Dr. John Cencich, a professor at the University of California, Pennsylvania, discusses war crimes in Ukraine and the notion of piercing the military veil…

The Russian invasion of Ukraine comes with calls for war crimes investigations and prosecutions, and rightly so. Many discussions revolve around whether war crimes, crimes against humanity or genocide have been committed, who can be prosecuted and which venue will best serve the Ukrainian people and the interests of justice.

As a former senior international war crimes investigator for the United Nations, I know how to investigate crimes committed on the ground and work these cases to the top, holding accountable those most responsible for the worst. crimes. This is precisely what we have done successfully at the United Nations International Criminal Tribunal for the former Yugoslavia (“ICTY”). Through my experiences, I argue that the combatants involved in the initial aggression in Ukraine, as well as their military and political leaders who may ultimately be accused of atrocities, should be stripped of certain affirmative defenses that legitimate combatants are usually masked with.

To begin the investigation, one of the initial phases of a war crimes investigation is to establish the so-called basis of the crime. This means determining what crimes under international law have been committed, such as murder, rape and torture, and identifying the perpetrators as well as their organizational units and chains of command. In this case, the focus will likely be on regular Russian armed forces, including naval infantry (Marines) and Spetsnaz (special operations); the Federal Security Service or FSB; and foreign mercenaries.

And it’s at ground level, places like Bucha and Makariv, where the world began to see images of bound victims being shot and killed; murdered innocent women, children and elderly; and reported cases of torture and sexual assault. An appalling pattern of attacks on hospitals and other civilian property has also emerged. These are heinous crimes that have been perpetrated not only against the Ukrainian people, but against all of humanity.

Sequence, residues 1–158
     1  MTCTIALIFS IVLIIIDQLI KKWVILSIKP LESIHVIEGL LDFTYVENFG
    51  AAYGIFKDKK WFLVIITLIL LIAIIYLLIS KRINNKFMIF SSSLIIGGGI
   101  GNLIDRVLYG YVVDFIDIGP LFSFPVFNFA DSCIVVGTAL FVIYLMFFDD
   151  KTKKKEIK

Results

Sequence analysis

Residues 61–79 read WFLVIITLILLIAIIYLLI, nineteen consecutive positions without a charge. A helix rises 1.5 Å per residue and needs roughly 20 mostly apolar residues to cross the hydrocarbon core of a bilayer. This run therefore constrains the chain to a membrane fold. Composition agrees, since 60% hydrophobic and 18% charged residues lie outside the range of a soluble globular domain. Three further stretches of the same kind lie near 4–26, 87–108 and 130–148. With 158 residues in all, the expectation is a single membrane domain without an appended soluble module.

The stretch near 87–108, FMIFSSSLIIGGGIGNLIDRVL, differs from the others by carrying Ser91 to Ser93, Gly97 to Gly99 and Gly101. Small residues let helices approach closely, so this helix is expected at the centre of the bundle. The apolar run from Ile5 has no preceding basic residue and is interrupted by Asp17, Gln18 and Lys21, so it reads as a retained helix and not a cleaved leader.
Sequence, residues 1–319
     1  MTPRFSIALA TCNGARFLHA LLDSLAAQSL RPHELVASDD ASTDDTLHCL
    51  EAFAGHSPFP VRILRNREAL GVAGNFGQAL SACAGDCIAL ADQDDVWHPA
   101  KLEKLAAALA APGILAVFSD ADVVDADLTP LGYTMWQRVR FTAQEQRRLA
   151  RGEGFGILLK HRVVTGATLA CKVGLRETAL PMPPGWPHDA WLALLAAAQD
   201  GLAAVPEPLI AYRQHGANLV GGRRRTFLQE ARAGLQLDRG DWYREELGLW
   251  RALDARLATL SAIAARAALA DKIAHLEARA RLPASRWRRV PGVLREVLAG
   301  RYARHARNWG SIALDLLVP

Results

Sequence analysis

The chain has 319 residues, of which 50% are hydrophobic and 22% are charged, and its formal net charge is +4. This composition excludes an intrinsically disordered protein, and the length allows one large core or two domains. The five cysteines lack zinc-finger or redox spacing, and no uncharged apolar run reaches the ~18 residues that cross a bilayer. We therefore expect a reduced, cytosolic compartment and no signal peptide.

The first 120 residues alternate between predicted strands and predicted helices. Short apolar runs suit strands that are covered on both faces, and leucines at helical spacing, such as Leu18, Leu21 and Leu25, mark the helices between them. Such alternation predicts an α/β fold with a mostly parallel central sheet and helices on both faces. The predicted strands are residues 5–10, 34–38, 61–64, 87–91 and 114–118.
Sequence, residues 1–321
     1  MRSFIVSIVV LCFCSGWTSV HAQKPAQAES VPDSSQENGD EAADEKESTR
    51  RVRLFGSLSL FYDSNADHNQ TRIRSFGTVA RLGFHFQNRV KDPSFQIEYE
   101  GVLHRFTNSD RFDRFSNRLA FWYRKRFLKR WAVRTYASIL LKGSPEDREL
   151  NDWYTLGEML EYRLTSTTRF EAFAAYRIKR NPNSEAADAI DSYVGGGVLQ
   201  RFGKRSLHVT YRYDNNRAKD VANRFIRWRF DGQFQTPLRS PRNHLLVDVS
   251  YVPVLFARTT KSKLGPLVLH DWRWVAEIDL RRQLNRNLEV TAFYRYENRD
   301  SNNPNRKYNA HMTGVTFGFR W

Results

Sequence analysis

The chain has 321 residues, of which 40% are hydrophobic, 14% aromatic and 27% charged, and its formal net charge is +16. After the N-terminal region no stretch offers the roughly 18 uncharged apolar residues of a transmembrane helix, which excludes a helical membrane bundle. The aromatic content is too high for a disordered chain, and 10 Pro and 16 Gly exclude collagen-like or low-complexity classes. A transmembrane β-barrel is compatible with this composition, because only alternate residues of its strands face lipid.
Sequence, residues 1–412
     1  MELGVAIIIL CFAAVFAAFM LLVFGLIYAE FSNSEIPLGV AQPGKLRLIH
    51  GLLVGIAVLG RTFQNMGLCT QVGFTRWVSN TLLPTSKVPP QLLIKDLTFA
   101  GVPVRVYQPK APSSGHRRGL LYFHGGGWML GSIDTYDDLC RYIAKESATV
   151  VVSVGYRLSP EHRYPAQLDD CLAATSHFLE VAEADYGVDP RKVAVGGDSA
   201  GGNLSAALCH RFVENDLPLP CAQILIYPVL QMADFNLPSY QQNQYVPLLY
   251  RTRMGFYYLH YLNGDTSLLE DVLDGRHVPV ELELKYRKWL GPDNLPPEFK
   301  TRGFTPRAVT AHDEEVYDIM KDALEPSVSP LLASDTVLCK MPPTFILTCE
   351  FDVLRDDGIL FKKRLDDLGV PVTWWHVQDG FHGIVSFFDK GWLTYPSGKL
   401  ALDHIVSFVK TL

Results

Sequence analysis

As for the murderous bombardment of the market in Sarajevo in 1995, we also saw the horrors of the strike against the Kramatorsk train station where Russian forces reportedly used a short-range ballistic missile, killing more than 50 civilians and injuring hundreds of others who sought to flee the war. In a CNN reportPresident Zelensky, referring to this attack, says, “every effort in the world” will be directed to establish minute by minute “who did what, who gave orders, where the rocket came from, who was carrying it, who gave the order and how to hit it has been coordinated.

“Responsibility is inevitable,” he said.

These are war crimes. Yet, in seeking to hold the perpetrators accountable, war crimes investigators will strive to confirm that there were no legitimate military targets near the killings. Past experience shows that the accused will often claim that the attacked infrastructure housed military equipment or was perhaps mistakenly considered a legitimate military target. In both defense scenarios, the tragic but legitimate realities of collateral damage come to the fore. Following this line of defence, the accused can admit to having had knowledge of the presence of civilians before the attack and remain immune from conviction because of the military nature of the target as long as the number of civilians killed n was not disproportionate to the overall military objective. .